Last updated on Jun 23rd, 2021 at 12:47 pm

Urinary tract infections (UTIs) can be a painful and sometimes chronic issue around 50% of women experience at least once in their lives

Scientists have finally found a way to help our bodies fight off the bacteria that causes UTIs before an infection happens. 

What are UTIs

While UTIs are not sexually transmitted, they can be mistaken for STIs because they are more likely in sexually active women with a new sexual partner. 

Men and women who are not sexually active can also get UTIs, although it is less common for men to be infected because they are biologically at a lower risk.

Many people believe you can get a UTI from a toilet seat, this is unlikely. According to WebMD, the, most common causes of UTIs are:

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  • wiping from the back to the front(bringing bacteria from the anus to the urethra
  • Not peeing after sex 
  • being diabetic
  • not drinking enough water
  • hormone changes (even using some forms of birth control)
  • A weakened immune system
  • pregnancy 

There is no medication to prevent UTIs

Although UTIs are a common occurrence, the medical fraternity had not yet found an effective vaccine, and sufferers relied on medication to treat infections because they could not prevent them. 

“Although several vaccines against UTIs have been investigated in clinical trials, they have so far had limited success,” said Soman Abraham, Ph.D., Grace Kerby Distinguished Professor of Pathology, Immunology and Molecular Genetics & Microbiology in the School of Medicine. Dr. Soman Abreaham is one of the authors of a study by Duke University that recently claimed to have found an effective UTI vaccine.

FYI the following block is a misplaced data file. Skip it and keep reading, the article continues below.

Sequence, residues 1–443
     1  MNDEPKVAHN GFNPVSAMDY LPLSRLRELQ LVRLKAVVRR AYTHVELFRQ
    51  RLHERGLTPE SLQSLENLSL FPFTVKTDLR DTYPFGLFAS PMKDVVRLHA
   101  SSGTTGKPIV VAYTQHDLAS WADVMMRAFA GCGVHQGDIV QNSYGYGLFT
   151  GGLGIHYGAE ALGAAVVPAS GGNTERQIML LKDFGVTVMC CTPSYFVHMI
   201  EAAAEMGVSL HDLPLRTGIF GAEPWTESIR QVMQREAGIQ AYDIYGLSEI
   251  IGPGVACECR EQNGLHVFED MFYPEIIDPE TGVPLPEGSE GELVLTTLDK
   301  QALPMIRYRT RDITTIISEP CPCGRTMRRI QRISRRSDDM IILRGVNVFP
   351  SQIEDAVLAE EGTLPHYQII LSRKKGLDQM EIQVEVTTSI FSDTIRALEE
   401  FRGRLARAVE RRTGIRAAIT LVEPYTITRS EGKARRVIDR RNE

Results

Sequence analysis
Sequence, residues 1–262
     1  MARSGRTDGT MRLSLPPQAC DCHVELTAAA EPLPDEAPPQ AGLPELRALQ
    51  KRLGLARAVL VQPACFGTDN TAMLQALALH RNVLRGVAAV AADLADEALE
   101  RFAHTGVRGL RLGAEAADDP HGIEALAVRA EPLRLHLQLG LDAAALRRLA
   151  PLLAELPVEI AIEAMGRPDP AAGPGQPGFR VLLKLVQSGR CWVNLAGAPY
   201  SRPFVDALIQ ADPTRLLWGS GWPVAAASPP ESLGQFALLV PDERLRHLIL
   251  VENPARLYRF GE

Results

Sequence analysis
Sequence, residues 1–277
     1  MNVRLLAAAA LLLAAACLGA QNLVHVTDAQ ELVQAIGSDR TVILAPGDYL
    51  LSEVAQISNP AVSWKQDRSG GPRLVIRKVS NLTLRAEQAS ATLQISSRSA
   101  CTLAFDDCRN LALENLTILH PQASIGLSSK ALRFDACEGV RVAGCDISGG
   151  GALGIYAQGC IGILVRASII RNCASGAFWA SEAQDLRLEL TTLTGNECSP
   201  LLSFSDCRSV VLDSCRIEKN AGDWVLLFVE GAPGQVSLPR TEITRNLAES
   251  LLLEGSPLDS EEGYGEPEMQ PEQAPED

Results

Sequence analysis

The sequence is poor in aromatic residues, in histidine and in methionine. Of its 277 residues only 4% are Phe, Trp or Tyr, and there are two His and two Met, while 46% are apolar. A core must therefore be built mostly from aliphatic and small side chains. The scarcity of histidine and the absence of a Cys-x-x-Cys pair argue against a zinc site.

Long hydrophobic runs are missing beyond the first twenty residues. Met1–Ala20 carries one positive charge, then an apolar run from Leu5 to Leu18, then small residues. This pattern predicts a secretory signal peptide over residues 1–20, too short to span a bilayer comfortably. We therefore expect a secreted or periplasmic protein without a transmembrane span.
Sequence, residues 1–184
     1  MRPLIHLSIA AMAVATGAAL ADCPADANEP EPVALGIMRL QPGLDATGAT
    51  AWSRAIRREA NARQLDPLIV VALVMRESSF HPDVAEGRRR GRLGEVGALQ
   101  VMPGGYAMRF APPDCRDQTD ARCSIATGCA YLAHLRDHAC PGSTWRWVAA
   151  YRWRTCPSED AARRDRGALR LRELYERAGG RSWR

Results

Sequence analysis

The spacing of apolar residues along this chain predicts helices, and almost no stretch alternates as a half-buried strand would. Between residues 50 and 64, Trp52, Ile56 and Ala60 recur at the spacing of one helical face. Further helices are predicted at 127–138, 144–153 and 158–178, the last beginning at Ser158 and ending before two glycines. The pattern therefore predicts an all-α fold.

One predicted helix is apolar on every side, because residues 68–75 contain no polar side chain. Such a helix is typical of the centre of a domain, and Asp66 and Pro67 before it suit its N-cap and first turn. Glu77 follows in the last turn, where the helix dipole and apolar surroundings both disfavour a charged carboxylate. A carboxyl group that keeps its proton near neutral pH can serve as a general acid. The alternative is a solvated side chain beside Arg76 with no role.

How the vaccine works

The vaccine the study proposes is administered directly into the bladder. The purpose is to ‘teach’ the bladder to fight infection-causing bacteria before an infection occurs and possibly spreads to the rest of the urinary tract.

“The new vaccine strategy attempts to ‘teach’ the bladder to more effectively fight off the attacking bacteria. By administering the vaccine directly into the bladder where the residual bacteria harbor, the highly effective vaccine antigen, in combination with an adjuvant known to boost the recruitment of bacterial clearing cells, performed better than traditional intramuscular vaccination,” says Dr. Jianxuan Wu from the Department of Immunology at Duke University. 

Although the vaccine is not readily available yet, the study has shown that the vaccine is safe for humans and maybe the solution many people have been waiting for. 

Source: Duke University via Science Daily


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